The keyword Opt=Tight will take much longer time than usual and for larger molecules it will take even larger time to complete. Sometimes opt=tight may cause convergence failure also.

No doubt, the keywords you suggested can result a better geometry than the normal OPT Freq keywords. But computational time must also be considered if the system is large enough. And in order to avoid the imaginary frequency your second method (Also that of Melis) i.e. changing the geometry in the direction of those imaginary frequencies is a good option.

Best of luck,
Mehboob
• Heath Watts · Pennsylvania State University
HI Mehboob,
Yes, the grid only applies to DFT methods. The original question did not specify the method, so I presumed that Razieh was using DFT; this assumption could be incorrect. I agree with your comment about computational time. Thanks.
Best regards,
Heath
• Mehboob Alam · University of Calcutta
Thanks Heath...:-)
• Mohammad Alam · Aligarh Muslim University
i agree with Melis
• Aqeel Ali · University of Basrah
Dear Razieh, I think you mean the vibrational frequencies. The negative frequencies resulted at any frequency computations. Negative values apear for first numbers only. Another two or three positive values are not real frequencies. The other values are theoretical values.
• Zoubeyr Boudene · IFP Energies nouvelles
You can also modify the convergence criterium for geometrical optimization: IOp(1/7= .....), the default value is 300
• Debajyoti Bhattacharjee · Tezpur University
I am also agree with Melis & Mehboob..Thanks Heath for the paper.
• Mehdi Bayat · Buali Sina University
there are several way.
for example you can use from another geometry as a starting input file.
in second way you can freezed the first negative frequency with Chemcraft software and used from this new geometry as a input file.
• Mohanned Al-anber · University of Basrah
All the above persons gave you very good suggestion, you must check all that
• Sunwoo Kang · Samsung Display, South Korea
Here is simple way to eliminate negative frequency.

First thing is change the structure based on the vibrational mode of negative frequency.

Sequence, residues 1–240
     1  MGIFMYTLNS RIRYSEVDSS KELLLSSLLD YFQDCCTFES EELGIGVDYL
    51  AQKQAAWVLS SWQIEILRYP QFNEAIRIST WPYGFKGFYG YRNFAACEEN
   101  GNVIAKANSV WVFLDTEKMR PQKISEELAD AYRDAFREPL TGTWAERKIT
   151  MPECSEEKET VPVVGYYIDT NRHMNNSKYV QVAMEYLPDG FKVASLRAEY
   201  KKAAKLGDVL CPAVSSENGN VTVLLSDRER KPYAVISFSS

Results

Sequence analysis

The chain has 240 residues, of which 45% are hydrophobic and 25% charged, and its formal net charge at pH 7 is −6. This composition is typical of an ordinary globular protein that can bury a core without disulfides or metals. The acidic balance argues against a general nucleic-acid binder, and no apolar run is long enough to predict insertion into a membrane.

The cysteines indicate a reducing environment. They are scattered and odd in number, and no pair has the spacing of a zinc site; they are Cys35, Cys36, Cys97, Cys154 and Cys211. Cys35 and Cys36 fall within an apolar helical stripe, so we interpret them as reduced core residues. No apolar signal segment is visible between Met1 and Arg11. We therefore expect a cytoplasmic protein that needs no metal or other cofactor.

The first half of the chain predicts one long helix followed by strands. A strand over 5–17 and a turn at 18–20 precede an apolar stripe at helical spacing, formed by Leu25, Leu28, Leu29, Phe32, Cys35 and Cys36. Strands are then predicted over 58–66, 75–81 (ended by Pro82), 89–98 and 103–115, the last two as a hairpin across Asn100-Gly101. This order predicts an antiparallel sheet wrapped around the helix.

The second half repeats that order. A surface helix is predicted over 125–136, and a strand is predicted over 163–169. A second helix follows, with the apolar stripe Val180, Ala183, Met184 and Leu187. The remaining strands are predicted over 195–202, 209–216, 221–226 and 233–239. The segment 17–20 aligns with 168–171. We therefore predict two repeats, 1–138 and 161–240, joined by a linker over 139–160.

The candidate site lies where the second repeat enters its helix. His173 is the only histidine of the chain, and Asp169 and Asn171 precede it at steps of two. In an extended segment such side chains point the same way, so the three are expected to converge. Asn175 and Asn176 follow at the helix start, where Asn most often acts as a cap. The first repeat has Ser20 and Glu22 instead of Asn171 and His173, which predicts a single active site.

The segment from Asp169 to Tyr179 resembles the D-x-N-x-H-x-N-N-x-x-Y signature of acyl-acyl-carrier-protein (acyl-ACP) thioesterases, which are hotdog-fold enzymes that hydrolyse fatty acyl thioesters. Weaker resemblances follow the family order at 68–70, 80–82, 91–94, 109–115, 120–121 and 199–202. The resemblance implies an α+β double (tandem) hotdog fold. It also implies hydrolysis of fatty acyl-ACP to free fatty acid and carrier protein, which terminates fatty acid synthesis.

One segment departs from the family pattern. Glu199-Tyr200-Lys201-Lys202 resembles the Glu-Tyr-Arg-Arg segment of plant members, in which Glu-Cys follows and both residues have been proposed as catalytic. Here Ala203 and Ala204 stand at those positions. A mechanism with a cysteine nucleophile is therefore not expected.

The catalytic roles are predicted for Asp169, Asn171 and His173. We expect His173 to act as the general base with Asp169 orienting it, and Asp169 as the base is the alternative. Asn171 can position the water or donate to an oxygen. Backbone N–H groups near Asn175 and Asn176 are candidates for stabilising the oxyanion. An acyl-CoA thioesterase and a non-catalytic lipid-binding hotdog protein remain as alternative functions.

Second thing is opt=calcall. This is very useful if the system is not quite large
You can choice one of them.
But remember this, large system = use first solution small system = use calcall
• Mer Mercurate · University of Illinois, Urbana-Champaign
My case is like that:
Mode # Freq Infrared
1 -12 0.03
2 -7.0 0.5
3 -5.5 0.3
4 11.o 0.07
Then all possitive after that.
Are -12, -7, -5.5 the negative frequency?
Thanks
SCF restricted and unrestricted energies, gradients and frequencies, and RO energies and gradients. Look at log file in gaussview then locate the Im frequency and move atoms in the direction of this vibration and finally start again from this structure
• Xingyong Wang · Nanjing University
I agree with Melis. And there are little programs that are used to fulfill the purpose of "Move the atoms in the direction of this vibration". Or you can write one by yourself. Good luck!
• Francesca Rondinelli · University of Naples Federico II
I agree with Melis too! With some organic systems (antioxidants), I got good results by using Tight keyword. Xingyong, what are the programs that move the atoms in the direction of the vibration?
• Mohammad Alam · Aligarh Muslim University
you may use GaussView software for this purpose.
• Francesca Rondinelli · University of Naples Federico II
...our beloved Gaussview! Thanks!
• Jan Hrušák · Academy of Sciences of the Czech Republic